I thought the three points the City lads got against Queens Park Rangers were massive and, in my opinion, it was one of the most important wins the club has had in the past few years as it brought to an end a run of four games without a win.

The victory has further lifted the club to 10th in the Premier League and opened the gap between themselves and Bolton, who are third from bottom, to seven points.

December is one of, if not, the biggest month in the football calendar with games coming thick and fast. The Christmas period can go a very long way to deciding whether it’s going to be a relegation battle from the new year until the beginning of May.

Norwich have six games this month with the first tomorrow away to the league leaders Manchester City. Roberto Mancini’s men haven’t lost in 13 league games this season, winning their six home games at the Etihad Stadium, scoring 19 goals and conceding only three in the process.

It’s going to take one mighty effort for anyone to stop Manchester City this season after all the money that’s been invested on the playing staff there.

Mancini has assembled one of the best squads of players in Premier League history.

In fact, he could probably pick two sides and they both would finish in the top half of the league, that’s the strength in depth he has at his disposal.

I scored a few times against them in my career, a couple of them coming while wearing the great yellow and green.

The one that sticks out is a headed goal past Nicky Weaver at Maine Road a good few years ago. It was a goal that brought us level but sadly we went on to lose that day by 3-1.

We might not be able to compare the two clubs financially, but what we can look towards is the character and togetherness of the squad, something which the boys have in abundance.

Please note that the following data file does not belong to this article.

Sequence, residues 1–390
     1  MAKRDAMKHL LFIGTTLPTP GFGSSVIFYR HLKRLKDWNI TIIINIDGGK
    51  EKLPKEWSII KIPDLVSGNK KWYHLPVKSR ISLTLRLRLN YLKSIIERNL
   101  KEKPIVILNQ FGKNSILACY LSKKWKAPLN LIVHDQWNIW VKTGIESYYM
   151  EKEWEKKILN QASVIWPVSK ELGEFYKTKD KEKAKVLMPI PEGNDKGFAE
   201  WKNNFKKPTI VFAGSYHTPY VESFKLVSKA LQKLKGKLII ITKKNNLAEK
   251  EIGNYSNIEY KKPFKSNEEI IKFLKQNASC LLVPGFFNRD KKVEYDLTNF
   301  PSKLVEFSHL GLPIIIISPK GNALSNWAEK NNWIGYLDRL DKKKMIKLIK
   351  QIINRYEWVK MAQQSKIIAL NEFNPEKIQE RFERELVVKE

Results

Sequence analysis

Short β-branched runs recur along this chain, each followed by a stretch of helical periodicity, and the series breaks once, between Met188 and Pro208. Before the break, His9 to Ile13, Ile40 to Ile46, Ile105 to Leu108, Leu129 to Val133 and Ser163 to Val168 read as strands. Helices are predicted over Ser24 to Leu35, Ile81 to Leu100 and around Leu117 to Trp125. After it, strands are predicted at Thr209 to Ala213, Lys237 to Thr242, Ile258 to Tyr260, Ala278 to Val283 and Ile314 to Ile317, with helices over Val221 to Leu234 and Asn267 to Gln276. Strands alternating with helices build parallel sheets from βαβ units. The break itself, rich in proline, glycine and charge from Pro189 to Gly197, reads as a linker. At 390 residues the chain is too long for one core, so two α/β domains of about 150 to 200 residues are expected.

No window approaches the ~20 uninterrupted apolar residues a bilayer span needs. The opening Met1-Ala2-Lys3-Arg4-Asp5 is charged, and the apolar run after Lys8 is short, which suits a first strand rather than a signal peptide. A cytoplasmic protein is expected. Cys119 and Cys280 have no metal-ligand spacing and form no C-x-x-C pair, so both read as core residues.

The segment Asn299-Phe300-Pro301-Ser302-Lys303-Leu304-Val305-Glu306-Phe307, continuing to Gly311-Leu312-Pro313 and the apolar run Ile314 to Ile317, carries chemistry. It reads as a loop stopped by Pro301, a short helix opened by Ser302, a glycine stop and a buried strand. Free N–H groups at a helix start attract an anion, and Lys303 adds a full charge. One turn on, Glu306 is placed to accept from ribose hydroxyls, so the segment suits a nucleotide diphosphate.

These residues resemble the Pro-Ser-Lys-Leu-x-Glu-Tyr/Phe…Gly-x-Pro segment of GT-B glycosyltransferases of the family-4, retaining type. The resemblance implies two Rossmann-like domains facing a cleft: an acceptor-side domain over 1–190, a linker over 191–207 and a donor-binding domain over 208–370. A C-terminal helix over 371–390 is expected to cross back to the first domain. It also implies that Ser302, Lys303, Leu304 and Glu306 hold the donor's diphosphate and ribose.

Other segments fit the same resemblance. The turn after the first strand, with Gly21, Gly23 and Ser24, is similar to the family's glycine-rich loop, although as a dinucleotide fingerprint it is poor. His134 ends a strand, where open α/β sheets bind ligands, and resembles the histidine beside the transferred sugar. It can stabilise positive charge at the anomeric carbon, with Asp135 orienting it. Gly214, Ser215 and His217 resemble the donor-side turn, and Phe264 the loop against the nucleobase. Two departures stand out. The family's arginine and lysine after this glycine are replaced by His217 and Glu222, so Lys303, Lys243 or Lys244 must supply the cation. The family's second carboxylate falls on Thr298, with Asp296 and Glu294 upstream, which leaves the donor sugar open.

Let’s hope that with these qualities the lads can come away with a positive result tomorrow afternoon.


I was left stunned, shocked, and devastated last Sunday morning when I heard the tragic news that Gary Speed had taken his own life at the young age of 42.

I had known Gary for 22 years since we both were named in Terry Yorath’s Wales squad to face Holland in a World Cup qualifying game in October 1989.

Over the next few years I was fortunate to be in many Welsh squads alongside Gary and he was such a pleasure to be around.

He was a fantastic servant for Wales, first as a player and then as captain, and in the past 12 months he had begun to turn the fortune of Welsh football around as manager.

He was such a down to earth bloke who always had a smile on his face, always had time to stop and talk to anyone and was always only too ready to sign autographs for whoever asked.

He was a true gentleman of the game and I was so lucky to have played with Gary, to have had him as a captain and most of all to have had him as a good friend.

On Sunday the footballing world lost a true hero, a legend to the game and one that I and many others will never forget.